Myrick’s debut novel follows several teenagers at two Virginia high schools as they find their paths.
The book opens at Hilltop Academy, a private school populated by the children of faculty at two nearby colleges. Chelsea silently critiques school policies (“So what’s inside my backpack is important, but not what’s inside me?”) and her clique-y classmates. She also connects with recent California transplant Sean, who, like her, is struggling to find his place. Sean organizes a nature walk in response to the suicide of a bullied student. Then he persuades his parents to let him transfer to the less-exclusive Stone Creek High School, where he joins Chelsea’s friends Cora, a politically active organizer exploring her biracial heritage; Jake, who wants to follow his father into agriculture despite the challenges faced by small farmers; and the gregarious Daniel, whose nickname is “Mr. Mayor.” Stone Creek’s unconventional principal, Mr. Shepherd, answers to the name “Chief” and encourages student autonomy. The book’s narration shifts among the various students as they deal with personal and academic challenges and make their ways toward graduation. Myrick is a thoughtful writer who gets deep into her characters’ psyches. That said, the teenagers’ self-centered, pseudo-intellectual voices are so accurately portrayed as to be grating at times (as when Sean describes Hilltop Academy to Daniel’s mother: “we were the fish, kept apart from the real world of natural waters, glubbing around in circles, until we almost believed it was normal”). However, the author seems determined to give full weight to her young characters’ arguments, no matter how petty they might appear to adults. This is demonstrated by how she uses the character of Chief, who repeatedly learns from the kids under his charge.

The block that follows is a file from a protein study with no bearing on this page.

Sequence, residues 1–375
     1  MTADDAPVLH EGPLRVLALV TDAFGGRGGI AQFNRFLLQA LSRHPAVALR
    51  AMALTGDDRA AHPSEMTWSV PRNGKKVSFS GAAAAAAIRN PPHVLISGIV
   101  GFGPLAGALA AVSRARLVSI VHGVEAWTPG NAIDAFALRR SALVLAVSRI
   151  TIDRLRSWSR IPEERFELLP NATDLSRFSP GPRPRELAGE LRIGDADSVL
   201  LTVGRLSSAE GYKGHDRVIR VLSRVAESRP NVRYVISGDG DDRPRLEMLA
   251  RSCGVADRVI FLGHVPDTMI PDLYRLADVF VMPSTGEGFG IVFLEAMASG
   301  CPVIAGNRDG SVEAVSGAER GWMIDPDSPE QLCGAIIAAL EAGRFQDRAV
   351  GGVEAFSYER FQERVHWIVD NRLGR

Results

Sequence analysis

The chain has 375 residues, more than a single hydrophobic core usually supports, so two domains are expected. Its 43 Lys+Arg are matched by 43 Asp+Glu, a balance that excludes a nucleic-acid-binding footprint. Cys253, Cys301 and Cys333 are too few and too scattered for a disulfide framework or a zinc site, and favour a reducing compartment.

A well-written, if occasionally ponderous, exploration of modern high school life.